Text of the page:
Although I admit the necessity, I regret that Australia has found it necessary to enter into bi-lateral trade agreements. Such agreements appear to me to degenerate gradually into haggling and bargaining; because, in weighing up trade between two countries, setting credits against debits, we must ultimately make another contribution towards the principle of economic nationalism. "Whilst I do not criticize the action of the Government in this particular agreement, I believe that every effort should be made to attack the problem on a much wider basis. Admittedly, the scope of the Government in this matter is limited. One of the greatest factors encouraging trade between nations to-day is the stabilization of currency. This agreement has become possible because France has devalued the franc, with consequent advantage to, not only itself and other nations, but also Australia. I had the opportunity to-day to check up certain figures in regard to world trade; they disclose that the volume of international trade has steadily increased during the past three years. One of the most encouraging factors in this connexion is that, for the first time since 1929, there has been an increase, not of the volume, but of the value, of world trade. Last year was the first occasion since 1929 that the value of world trade rose. Although a good deal has been said about stabilization, a further analysis of world trade shows that, in 1934, only 40 per cent, of the total volume was conducted, on a basis of stable currencies. Last year the position had considerably altered, and the figure rose to HQ per cent. That was a wonderful improvement. With the devaluation of the currency of the gold bloc countries, ir is anticipated that over 90 per cent, of world trade will be carried out on a stable currency. The explanation of our inability to increase out trade with gold-bloc countries, such as France - and the Minister in charge of the bill (Senator A. J. McLachlan) showed how that trade had depreciated - is that the currency barrier of those countries operated to cause trade restrictions, quotas, &c. The devaluation of the franc by France, followed by similar actions by Switzerland and Holland, is not only one of the brightest international events of the year, but is also an encouraging factor in regard to our external trade relations. The annual report of the directors of the Bank of New South Wales deals with the devaluation of the currency of these countries, and its likely repercussions in Australia. Honorable senators are apt to overlook the barriers which are raised through the medium of different and fluctuating currencies. One has only to analyse the Overseas Trade Bulletin to ascertain how much greater was the trade that France enjoyed a few years ago than it is to-day. What is the reason for the decline % The average person will contend that the explanation lies in the fact that France placed a number of quotas on imported goods, or hedged itself around with restrictions which other countries found impossible to break down. However, honorable senators must seek a further reason than that. They should ask themselves why these quotas were introduced in order to restrict imports. The action of France in imposing quotas is linked with currency itself. By its adherence to the gold standard, France followed a definite deflationary policy. That, in turn, meant a decrease of its exports, and, in order to prevent social unrest within their borders, the French, whether they liked it or not, were compelled to tread a path of economic nationalism. In 1925-26, exports from Australia to France exceeded £18,000,000; in 1934-35 they had declined to £4,000,000. Certain honorable senators have decried the failure of the World Economic Conference held in 1933; but I sometimes think, when people speak glibly of restoring international trade, that the effect, of stabilized currency is not truly appreciated. It is the actual foundation which must first be created, if trade is to be permitted to flow freely between nations. T have shown that, in 1934, 40 per cent, of the world's trade was conducted on a stable exchange rate, and, on this basis, it rose in the following year to 80 per cent. Without hesitation, I hail the decision of France to devalue the franc as one of the greatest events in world history during the last two years. It is particularly interesting to note that tha devaluation was carried out with the cooperation and assistance of two grim/. countries, Great Britain and the United States of America. Both of them are pledged to the principle of international trade, and both realize the value of that trade as the medium for world recovery. Their policies havebeen based on a realization of the fact that world recovery cannot be achieved until international trade is made to flow freely. In effect, Great Britain and the United States of America assured France that if it devalued the franc, they would not take any action designed to offset the advantages of that devaluation.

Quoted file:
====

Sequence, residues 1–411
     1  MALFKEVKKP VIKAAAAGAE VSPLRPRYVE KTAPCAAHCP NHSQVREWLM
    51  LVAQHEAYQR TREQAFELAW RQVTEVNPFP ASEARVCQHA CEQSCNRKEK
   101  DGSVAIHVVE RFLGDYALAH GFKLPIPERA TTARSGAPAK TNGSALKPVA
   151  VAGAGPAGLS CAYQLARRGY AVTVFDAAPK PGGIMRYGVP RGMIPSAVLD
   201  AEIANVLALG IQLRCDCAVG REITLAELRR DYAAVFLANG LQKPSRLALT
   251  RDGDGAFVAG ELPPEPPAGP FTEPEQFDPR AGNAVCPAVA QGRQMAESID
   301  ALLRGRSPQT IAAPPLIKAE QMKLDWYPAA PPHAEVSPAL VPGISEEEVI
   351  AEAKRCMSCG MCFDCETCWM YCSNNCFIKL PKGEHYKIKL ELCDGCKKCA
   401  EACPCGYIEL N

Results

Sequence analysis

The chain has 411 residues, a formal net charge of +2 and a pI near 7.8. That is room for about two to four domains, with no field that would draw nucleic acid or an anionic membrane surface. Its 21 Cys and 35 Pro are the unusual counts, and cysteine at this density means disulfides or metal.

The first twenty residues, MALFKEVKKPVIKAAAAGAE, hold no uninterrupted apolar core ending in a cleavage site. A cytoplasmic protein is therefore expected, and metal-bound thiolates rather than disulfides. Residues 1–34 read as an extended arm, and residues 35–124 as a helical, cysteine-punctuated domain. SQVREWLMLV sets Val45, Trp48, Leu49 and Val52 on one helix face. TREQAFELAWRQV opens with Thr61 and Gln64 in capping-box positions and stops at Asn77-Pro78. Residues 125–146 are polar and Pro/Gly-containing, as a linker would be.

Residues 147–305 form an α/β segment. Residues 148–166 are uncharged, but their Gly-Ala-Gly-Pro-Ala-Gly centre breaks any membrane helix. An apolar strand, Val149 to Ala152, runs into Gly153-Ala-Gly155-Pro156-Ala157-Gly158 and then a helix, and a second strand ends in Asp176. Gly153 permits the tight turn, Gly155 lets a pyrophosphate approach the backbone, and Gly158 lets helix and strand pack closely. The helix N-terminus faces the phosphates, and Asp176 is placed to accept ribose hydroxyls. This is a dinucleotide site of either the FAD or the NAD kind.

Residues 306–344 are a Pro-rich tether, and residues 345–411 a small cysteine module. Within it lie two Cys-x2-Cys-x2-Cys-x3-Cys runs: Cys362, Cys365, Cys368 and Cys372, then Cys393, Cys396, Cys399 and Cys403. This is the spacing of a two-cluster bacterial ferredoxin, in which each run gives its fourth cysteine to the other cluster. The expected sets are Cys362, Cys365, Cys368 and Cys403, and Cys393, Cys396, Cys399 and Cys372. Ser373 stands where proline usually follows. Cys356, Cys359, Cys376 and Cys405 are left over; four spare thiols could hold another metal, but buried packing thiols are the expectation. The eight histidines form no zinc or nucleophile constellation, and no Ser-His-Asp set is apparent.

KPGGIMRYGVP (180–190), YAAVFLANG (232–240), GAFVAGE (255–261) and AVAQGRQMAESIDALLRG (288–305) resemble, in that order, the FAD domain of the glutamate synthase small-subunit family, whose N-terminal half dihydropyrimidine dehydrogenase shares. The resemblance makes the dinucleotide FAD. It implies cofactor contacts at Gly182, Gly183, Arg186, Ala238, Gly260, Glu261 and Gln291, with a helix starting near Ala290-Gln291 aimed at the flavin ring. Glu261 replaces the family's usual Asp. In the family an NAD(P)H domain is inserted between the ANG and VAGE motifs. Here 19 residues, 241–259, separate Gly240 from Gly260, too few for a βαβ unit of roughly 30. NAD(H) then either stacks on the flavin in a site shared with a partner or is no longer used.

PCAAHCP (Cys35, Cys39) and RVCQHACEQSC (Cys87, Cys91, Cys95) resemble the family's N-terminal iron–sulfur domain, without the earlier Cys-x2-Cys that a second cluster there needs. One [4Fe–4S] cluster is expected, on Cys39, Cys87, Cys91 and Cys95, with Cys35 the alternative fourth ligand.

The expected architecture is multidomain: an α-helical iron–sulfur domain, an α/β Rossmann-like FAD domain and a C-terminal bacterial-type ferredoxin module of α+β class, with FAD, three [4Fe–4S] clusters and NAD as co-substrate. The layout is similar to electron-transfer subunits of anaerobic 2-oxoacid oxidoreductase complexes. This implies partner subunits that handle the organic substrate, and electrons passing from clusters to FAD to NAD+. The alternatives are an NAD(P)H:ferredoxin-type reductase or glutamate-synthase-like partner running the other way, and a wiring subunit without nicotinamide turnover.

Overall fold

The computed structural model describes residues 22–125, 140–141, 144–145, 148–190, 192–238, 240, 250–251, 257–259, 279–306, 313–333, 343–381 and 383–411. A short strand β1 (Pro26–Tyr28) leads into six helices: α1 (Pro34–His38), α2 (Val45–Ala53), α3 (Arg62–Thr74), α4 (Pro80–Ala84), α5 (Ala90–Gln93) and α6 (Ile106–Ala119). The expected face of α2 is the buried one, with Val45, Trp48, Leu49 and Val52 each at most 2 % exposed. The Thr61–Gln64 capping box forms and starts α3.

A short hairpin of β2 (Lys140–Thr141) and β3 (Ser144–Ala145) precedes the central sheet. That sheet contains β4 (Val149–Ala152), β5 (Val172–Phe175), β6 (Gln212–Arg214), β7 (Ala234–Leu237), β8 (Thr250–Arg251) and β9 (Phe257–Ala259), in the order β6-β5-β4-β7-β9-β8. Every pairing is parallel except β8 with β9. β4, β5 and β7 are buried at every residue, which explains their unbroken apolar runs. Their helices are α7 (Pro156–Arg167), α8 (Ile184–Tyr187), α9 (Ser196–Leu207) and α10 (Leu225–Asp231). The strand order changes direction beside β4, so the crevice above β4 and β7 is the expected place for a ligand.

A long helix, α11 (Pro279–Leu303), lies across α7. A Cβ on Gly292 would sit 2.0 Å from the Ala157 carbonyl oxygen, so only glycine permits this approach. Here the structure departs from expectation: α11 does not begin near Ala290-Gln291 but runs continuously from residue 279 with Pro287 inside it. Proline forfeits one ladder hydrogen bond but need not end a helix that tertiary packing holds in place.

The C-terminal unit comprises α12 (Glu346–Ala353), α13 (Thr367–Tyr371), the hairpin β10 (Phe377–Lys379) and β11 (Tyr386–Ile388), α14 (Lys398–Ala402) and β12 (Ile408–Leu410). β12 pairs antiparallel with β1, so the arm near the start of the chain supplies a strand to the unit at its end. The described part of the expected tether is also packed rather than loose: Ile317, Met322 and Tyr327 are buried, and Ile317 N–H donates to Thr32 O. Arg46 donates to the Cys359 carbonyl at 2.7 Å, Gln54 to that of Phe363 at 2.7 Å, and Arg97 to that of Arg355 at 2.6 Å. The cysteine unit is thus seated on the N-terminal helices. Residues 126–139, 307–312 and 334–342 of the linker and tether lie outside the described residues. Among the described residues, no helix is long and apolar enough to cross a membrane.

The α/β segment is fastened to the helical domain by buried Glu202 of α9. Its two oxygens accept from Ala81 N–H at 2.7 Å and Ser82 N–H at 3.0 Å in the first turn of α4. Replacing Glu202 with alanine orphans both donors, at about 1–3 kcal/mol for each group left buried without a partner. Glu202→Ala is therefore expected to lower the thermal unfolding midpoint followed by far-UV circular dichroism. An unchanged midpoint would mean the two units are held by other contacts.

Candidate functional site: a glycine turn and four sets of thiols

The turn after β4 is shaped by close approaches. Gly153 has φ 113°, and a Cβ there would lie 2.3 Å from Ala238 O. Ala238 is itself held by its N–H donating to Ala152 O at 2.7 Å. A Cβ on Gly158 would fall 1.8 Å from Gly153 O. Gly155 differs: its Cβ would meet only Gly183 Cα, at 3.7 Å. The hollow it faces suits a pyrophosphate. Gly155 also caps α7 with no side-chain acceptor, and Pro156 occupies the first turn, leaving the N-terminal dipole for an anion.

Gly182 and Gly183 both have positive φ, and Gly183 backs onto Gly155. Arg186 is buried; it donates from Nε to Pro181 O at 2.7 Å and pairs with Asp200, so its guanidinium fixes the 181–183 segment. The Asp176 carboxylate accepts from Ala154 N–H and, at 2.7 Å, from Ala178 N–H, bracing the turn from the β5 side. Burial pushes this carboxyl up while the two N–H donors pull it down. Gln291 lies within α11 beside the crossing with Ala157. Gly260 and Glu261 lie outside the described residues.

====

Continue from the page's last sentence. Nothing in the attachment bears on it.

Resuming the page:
I direct attention to a. paragraph in the annual report of the Bank of New South Wales-